Cocaine detox timeline: How long to detox from cocaine?
Detoxifying from cocaine is crucial to recovery from addiction. But cocaine is a habit forming drug which triggers intense cravings upon cessation. So, what can you expect during detox? What kind of timeline can be predicted?
We review here. Then, we invite your questions about cocaine detox or treatments for cocaine detox in the comments section at the end. We try to respond to all legitimate questions personally and promptly.
Cocaine detox duration and length
Acute withdrawal from cocaine typically last from 1-3 weeks. Cocaine will be present in the body for approximately 72 hours after use. It can be detected in urine during this time, although traces of cocaine can be found in urine for up to 12 weeks in cases of habitual use.
Furthermore, the length of time it will take cocaine to leave a person’s system depends on how frequent and heavy the cocaine use was. People who have developed extreme dependence on cocaine, after years of use will usually experience more intense withdrawal than those who use cocaine occasionally on binges. For example, following binge use of cocaine, the “crash” can last from 9 hours to 4 days. However, long term users can develop protracted withdrawal symptoms which can take weeks or motnhs to resolve.
Cocaine detox timeline and schedule
Days 1-3: In the period of 24 to 72 hours after last use of cocaine, it is possible for you to feel remorse and depression. It may be hard for you to sleep and wake up feeling bad in the morning. Hunger is common, as is irritability. You may feel disoriented and confused.
Days 4-7: Alternating low and high drug craving can be present during this time. Extreme craving begins to decrease after 3-4 days. Long periods of sleep may be needed, as well as attention to water consumption and nutrition. Other symptoms of withdrawal can include:
- dysphoria (general dissatisfaction with life)
Week 1: After a week, you’ll probably start feeling much better. This may increase your confidence you may start to think that it`s easy for you to handle cocaine addiction. However, depressive symptoms, mood disorders, and problems sleeping can occur in cycles. Cravings can also disappear and resurface without warning. After the first week of withdrawal, symptoms may remain such as agitation, unpleasant dreams, and increased appetite.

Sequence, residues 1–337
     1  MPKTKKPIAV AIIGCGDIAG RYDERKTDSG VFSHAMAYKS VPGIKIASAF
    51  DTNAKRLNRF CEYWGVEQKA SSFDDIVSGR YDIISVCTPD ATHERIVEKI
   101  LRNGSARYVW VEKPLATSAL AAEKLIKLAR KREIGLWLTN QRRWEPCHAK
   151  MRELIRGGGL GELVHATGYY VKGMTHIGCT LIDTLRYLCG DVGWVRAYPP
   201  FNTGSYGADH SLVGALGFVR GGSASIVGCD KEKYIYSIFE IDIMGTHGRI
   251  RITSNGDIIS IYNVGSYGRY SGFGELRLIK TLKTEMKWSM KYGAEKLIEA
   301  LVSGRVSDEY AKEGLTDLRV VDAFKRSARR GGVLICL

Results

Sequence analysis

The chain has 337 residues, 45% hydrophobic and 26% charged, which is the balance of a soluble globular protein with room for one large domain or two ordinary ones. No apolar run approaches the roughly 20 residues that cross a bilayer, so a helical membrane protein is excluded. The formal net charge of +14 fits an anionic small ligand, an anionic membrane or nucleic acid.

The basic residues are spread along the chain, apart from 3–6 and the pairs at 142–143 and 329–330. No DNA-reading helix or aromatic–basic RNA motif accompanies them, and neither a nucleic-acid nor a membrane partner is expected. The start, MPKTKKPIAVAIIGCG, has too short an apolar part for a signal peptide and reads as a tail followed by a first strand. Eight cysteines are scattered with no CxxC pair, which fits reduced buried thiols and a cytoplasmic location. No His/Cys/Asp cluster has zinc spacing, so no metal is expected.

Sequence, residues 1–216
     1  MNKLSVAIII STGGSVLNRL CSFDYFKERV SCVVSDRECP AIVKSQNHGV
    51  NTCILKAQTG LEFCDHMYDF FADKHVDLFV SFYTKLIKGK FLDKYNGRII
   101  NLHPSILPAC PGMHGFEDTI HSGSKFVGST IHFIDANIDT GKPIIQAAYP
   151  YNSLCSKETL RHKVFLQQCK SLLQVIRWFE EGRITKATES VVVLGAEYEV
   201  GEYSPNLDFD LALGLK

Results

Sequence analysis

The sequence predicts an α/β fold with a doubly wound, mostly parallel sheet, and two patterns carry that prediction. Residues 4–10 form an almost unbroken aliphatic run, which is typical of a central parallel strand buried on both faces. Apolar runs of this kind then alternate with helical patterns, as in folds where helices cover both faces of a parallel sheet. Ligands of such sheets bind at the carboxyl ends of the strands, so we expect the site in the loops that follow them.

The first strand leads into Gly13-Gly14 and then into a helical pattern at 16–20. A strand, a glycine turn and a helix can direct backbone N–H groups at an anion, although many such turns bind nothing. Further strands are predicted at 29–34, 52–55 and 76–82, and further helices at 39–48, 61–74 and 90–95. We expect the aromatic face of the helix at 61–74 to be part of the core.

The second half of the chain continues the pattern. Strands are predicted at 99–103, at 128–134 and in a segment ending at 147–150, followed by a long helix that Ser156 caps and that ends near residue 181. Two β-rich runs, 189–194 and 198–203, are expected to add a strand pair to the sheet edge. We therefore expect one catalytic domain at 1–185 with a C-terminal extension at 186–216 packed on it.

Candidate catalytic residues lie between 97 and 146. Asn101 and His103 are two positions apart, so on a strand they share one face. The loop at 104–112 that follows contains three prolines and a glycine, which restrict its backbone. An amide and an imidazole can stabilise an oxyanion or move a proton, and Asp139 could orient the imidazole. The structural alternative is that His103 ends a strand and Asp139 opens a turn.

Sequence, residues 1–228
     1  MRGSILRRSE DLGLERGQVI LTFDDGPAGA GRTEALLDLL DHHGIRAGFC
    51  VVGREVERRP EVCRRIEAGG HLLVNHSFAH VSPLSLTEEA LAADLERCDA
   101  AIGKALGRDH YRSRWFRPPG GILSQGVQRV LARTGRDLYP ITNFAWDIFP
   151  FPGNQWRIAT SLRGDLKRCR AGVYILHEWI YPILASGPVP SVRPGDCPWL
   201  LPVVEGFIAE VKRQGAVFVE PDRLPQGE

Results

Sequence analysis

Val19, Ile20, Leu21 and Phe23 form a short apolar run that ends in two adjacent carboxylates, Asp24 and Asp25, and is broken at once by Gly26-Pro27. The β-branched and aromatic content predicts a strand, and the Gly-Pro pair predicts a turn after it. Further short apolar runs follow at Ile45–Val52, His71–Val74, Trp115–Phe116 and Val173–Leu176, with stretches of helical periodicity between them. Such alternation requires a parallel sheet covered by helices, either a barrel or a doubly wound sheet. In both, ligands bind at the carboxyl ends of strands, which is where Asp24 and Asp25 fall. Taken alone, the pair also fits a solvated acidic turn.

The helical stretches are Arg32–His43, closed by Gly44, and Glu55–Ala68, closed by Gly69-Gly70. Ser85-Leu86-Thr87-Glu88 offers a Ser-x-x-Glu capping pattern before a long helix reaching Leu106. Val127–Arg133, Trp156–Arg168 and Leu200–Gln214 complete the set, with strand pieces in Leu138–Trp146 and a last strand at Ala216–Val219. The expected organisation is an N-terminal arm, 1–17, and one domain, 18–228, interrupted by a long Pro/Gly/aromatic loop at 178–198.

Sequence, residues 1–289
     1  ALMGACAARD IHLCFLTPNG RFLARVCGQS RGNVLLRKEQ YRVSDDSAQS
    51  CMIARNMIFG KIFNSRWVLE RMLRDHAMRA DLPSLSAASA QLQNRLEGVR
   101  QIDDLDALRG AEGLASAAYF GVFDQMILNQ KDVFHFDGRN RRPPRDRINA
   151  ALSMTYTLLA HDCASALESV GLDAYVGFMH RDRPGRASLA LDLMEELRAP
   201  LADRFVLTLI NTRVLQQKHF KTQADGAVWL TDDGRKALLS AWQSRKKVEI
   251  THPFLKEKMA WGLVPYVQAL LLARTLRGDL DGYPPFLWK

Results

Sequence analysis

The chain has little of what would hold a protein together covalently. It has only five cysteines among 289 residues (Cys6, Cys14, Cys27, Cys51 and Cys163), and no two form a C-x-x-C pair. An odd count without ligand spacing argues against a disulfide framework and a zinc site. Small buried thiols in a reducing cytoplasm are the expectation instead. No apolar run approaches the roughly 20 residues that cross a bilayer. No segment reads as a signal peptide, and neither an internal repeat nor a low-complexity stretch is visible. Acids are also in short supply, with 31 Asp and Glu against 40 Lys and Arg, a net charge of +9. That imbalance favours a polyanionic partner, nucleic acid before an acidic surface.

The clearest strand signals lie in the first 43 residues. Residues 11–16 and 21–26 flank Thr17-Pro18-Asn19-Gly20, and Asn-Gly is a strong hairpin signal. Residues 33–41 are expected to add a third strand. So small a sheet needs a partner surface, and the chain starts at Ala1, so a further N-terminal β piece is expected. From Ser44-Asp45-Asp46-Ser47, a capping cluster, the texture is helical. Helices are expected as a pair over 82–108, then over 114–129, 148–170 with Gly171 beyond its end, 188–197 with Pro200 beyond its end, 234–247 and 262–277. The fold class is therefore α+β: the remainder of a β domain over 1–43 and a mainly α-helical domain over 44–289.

Week 2: In the two weeks after acute cocaine detox, the cravings for the drug can start to return and you may continue to experience hunger, anger and depression. During week two you may continue to experience vivid dreams and think about using cocaine again.
Later withdrawal phases
After about a month, you may start to experience unaccountable change of mood. Sleep and depression may still be a problem. These issues can be addressed through exercise and a healthy diet. Many former cocaine users cannot handle stress, so relapse is common during this time. Because no one particular treatment method has yet been shown to completely and effectively treat cocaine dependence, it’s best for you to ask help from a doctor, psychologist, or psychiatrist to learn more about behavioral, psychological and pharmacological (antidepressant) therapies that can help.
How long to detox from cocaine?
It takes about a week to detox from cocaine.
Breaking the binge/crash cycle is probably one of the hardest parts of cocaine detox. The extreme craving that occurs after the crash begins to decrease after 3-4 days, so if you can get past that period of time, you are more likely to stay abstinent. Psychological treatments are reallythe best in current practice, but can help if you stick with them. Researchers are investing much time and energy into the development of some medicines for cocaine withdrawal, but none have been approved by the FDA at the moment..
Cocaine detox scheduling questions
Do you still have questions about cocaine detox? Please address any questions about cocaine detoxification duration in the section below. We are eager to hear from you and will reply to you ASAP.
Reference Sources: NHTSA: Cocaine
NIDA: Effective treatments for cocaine abusers
Photo credit: William Warby